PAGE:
- Oi Ellinotourkikes Sheseis ke to Aigaio: 1973 – 1976 (Greek-Turkish Relations and the Aegean: 1973–1976)
Sotiris Rizas’s book, Greek-Turkish Relations and the Aegean: 1973 – 1976, published in Greek, is an analysis of the Greek-Turkish dispute over the exploration and exploitation rights in the Aegean Sea and consequently over the delimitation of the Aegean continental shelf.
The period between November 1973 and November 1976 began with the emergence of the delimitation of the Greek continental shelf as an issue when the Turkish government suggested revisions to the existing conditions. It ended with the Greek-Turkish crisis of 1976 and the signing of the Bern Agreement in November of the same year. The disagreements about the sovereign rights of Greece and Turkey in the Aegean cover a number of issues of major importance that continue to affect relations between the two states. Among the issues are the extent of the Greek territorial sea and national airspace, including the difference between the Greek territorial sea limit of six nautical miles and the Greek national airspace limit of ten miles; the continental shelf delimitation; and the militarization by the Greek government of the eastern Aegean islands. However, the major point of contention in the dispute is the determination of the corresponding continental shelf for Greece and Turkey.
The incident that started the Greek-Turkish dispute was the publication in the official Turkish gazette in November 1967 of exploration concessions by the Turkish Petroleum Company, which granted twenty-seven exploration permits for areas of the Aegean Sea lying off the territorial waters of the Greek islands of Samothrace, Chios, Lemnos, Lesbos, Aghios Efstratios, Psara, and Antipsara.1 Three months later, the Greek junta protested to the Turkish government against the granting of these concessions and declared that the seabed of the areas depicted in the map published in the gazette belonged, to a large extent, to the Greek islands in the eastern Aegean.2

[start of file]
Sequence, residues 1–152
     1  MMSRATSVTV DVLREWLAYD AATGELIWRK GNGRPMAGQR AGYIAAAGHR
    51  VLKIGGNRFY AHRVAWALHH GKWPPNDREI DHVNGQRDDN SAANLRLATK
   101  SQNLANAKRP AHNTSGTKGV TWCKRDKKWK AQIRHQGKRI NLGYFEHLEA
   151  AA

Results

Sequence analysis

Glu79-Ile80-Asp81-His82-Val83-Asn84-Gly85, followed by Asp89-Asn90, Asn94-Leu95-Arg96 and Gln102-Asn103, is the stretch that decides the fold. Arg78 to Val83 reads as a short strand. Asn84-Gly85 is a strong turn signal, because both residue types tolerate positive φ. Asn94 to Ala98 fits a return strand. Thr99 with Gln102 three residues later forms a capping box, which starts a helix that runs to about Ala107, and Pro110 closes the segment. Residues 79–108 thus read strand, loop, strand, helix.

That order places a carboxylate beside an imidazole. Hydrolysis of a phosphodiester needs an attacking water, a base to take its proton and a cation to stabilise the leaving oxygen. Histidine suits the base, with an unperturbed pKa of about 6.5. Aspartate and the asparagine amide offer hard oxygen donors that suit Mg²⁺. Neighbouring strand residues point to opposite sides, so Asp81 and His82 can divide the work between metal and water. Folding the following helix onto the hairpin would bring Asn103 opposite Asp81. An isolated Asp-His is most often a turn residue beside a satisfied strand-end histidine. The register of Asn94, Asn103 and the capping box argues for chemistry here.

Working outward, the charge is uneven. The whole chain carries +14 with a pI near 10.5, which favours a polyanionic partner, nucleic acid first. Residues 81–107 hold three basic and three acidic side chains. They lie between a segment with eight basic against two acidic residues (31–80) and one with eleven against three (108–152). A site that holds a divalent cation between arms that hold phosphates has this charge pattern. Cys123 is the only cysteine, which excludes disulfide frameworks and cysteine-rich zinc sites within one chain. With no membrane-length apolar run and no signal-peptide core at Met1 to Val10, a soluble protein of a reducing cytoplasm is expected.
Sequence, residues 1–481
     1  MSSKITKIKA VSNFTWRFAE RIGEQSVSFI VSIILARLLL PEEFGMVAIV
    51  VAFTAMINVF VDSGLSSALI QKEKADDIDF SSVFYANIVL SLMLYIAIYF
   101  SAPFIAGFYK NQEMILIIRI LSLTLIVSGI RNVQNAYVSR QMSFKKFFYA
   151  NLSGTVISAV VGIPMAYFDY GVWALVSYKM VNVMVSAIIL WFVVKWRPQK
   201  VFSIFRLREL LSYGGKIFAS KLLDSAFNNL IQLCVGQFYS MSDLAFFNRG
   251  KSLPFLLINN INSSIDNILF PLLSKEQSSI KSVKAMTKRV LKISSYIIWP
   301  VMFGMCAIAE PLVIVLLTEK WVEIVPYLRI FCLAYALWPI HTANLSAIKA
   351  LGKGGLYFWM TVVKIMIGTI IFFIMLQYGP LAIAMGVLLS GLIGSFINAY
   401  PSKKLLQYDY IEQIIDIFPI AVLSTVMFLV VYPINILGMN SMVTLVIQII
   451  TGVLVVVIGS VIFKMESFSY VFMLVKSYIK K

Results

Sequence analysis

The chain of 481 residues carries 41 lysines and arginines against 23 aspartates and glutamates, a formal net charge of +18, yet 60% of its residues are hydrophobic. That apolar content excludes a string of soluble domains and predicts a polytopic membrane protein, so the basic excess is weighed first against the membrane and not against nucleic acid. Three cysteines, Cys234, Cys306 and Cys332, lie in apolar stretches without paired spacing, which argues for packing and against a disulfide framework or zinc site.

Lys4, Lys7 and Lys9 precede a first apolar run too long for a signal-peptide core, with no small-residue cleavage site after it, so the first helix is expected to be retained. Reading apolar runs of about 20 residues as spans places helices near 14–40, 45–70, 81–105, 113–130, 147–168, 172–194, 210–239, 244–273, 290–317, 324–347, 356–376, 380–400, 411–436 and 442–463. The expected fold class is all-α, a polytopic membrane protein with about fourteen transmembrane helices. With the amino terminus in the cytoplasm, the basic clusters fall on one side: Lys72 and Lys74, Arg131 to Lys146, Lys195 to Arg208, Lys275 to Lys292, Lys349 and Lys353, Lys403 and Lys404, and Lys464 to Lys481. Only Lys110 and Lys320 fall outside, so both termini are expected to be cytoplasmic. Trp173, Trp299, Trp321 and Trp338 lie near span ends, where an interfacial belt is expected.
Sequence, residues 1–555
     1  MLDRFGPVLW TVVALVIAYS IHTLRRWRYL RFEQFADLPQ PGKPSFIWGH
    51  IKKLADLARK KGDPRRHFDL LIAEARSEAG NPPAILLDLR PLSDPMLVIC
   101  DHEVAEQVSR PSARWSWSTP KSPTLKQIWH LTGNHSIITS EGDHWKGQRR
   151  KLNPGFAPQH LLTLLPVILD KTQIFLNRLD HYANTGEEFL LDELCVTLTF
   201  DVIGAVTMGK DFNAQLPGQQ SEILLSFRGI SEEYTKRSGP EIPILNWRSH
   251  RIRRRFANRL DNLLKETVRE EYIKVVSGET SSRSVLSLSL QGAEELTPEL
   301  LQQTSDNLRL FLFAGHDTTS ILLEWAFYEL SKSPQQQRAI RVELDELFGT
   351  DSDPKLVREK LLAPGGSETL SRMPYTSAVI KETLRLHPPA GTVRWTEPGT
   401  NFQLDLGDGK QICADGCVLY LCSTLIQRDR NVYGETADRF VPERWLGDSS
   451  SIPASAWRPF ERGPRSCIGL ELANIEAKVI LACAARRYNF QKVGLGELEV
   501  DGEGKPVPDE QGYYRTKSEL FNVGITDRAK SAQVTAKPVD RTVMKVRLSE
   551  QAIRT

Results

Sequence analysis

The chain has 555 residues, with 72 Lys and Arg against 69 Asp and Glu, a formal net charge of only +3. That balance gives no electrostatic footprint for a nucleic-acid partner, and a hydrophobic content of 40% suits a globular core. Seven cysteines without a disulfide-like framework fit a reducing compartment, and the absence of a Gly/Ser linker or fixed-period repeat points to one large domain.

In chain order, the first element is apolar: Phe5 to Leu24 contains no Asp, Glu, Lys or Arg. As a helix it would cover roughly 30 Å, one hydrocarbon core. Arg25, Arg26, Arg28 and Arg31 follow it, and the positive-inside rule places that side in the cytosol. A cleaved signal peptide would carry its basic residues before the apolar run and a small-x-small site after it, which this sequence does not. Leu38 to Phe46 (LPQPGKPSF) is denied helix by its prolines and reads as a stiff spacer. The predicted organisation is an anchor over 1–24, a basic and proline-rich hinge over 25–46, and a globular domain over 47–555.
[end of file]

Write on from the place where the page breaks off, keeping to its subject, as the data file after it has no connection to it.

The author explains that the issue was not about any alteration of territory, which was well established by the provisions of both the Lausanne (1923) and Paris (1947) treaties, although the Turkish government’s concessions did have territorial implications. The author notes that the 1973 oil crisis was the catalyst in the Greek-Turkish [End Page 126] dispute. Greece had already undertaken an effort to discover new oil sources as a result of the 1973 world oil crisis, but the Greek authorities considered that the only issue in dispute was the delimitation of the continental shelf, which could be resolved only by referral to the International Court of Justice, as Prime Minister Konstantinos Karamanlis suggested in January 1975.3
Rizas affirms in his study that the core of the problem lay in control of the Aegean Sea, but perhaps it would be clearer to state that the issue of control was over the sources of oil in the Aegean, with implications for control over the Aegean Sea. The author is correct about the main problem of the Greek-Turkish dispute — that the major issue in the dispute is Greece’s territorial sea limit, because such is always taken into account when delimiting the continental shelf between two coastal states. Article 76 of the 1982 United Nations Convention on the Law of the Sea provides that “the continental shelf of a coastal State comprises the seabed and subsoil of the submarine areas that extend beyond its territorial sea.”4
The Turkish government did not ask for revision of the treaties of Lausanne or Paris but did propose the denial of the right of the Greek islands in the eastern Aegean to have their own continental shelf, as provided by the Geneva Convention (1958) and, later, by the Convention on the Law of the Sea. This would have changed the status-quo in the Aegean and isolated the Greek islands from continental Greece, leaving them in an area of Turkish jurisdiction over the sea. The author also stresses the role played by the...